The performance is measured in a cluster with four servers as shown in the figure below:
Figure 6: Test environment topology
Table 1 below lists the details of the configuration:
Intel® Xeon® Platinum 8260M CPU @ 2.40GHz * 2 sockets
DDR4 2666 MHz 32G * 8
Mellanox* Technologies MT27800 Family [ConnectX-5] 100Gbps
Mellanox MT27700 [ConnectX-4] 40Gbps
Intel P4510 1.5TB * 4
Intel QAT version
Intel® C62x Chipset, Intel QAT Technology (rev 04)
Table1: Test environment
After enabling hyperthreading, there is a total of 96 CPU cores in the server. However, a typical storage server is equipped with a low-end CPU, e.g. Intel® Xeon® Silver 4xxx serial with 10 cores. Therefore, we limited the number of CPU cores in the server (10.0.0.6) to simulate the real scenario.
There are four SSDs in each server. We split those to four zones, four SSDs each.
Figure 7: Performance result with 16 CPU Cores
In the 16 cores environment, an ~11% performance gain is achieved when putting objects with a size of 128 MB. If the object size is too small, e.g. 4MB, due to the deep stack of the hardware offloading, there’s no performance gain.
Figure 8: Performance result with different CPU Cores
When increasing the CPU core number from 16 to 24 and then to 32, the performance gain is getting smaller, even gets worse. This is because:
1) When the number of CPU cores increases, CPU can easily calculate the MD5 checksum immediately every time the reader received data from client. The table below shows the time spent in every phase when the CPU core number increases from 16 to 32. In all the measurements, CPU utilization are always ~90%, but the time spent on every phase is different. Take “Erasure Code” for example; the time used is 133.7ms with 16 cores, but only 36.8ms with 32 cores. MD5 calculation is handled by intel QAT, so the time is almost the same. Polling mode is used in the Intel QAT library, which is why “MD5 calculation” is still slightly impacted by CPU core number – see 65.5 vs 59.0.
Intel QAT is not faster than the CPU, so it is meaningless to offload when the CPU has enough resources.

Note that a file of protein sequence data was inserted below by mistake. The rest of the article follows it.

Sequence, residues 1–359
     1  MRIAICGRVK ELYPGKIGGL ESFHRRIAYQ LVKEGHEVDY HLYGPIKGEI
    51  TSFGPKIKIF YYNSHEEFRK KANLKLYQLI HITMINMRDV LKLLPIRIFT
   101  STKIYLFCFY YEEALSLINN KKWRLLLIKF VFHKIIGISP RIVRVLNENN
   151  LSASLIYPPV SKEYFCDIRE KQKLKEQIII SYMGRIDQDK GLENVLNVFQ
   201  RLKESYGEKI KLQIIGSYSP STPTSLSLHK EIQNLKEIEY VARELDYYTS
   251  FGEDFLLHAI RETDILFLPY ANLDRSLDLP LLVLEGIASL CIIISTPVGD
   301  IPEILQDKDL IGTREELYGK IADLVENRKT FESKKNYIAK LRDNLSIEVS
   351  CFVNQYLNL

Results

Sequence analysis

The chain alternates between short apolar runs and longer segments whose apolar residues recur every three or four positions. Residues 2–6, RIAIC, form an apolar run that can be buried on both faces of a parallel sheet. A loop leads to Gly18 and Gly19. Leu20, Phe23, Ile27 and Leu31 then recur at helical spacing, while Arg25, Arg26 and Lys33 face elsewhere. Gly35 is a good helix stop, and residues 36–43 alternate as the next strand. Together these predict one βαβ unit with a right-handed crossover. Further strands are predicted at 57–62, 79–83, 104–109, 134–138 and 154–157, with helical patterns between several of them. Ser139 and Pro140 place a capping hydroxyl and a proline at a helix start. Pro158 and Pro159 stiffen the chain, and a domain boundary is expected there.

2) Intel QAT needs the whole object be received before it can do MD5 calculation, so it indeed costs time to do the calculation. When the CPU is busy, the process of “erasure code – write data” is getting slower; the time cost by the Intel QAT MD5 calculation is smaller than this process, so it can be well paralleled with this process. But if the CPU has enough resources, this process is very fast. Even MinIO needs to wait for Intel QAT to complete. More optimization can be introduced here: Don’t offload when the CPU is not busy.
3) An Intel QAT offload may trigger a thread switch when MinIO is faster than Intel QAT and then waits on a pipe.
User scenario and limitation
This optimization can only benefit scenarios when the MinIO cluster runs on a server with a low end CPU, or when the CPU is the bottleneck. Otherwise, the performance gain can be limited.
In this article, we have shown that MinIO performance in a typical storage server can be improved by using Intel QAT for MD5 calculation. By offloading workloads to the hardware accelerator, the CPU can handle more disk requests, which means that more disks can be mounted on the same server, which can reduces server expenditure per unit of disk capacity. PCIe5.0 are coming soon, and the performance improvement using accelerators will become more and more obvious in the future.
If you want to try this approach, download the code below and run it in your environment:
- MinIO: https://github.com/liangintel/minio
- golang wrapper for Intel QAT library: https://github.com/liangintel/md5accel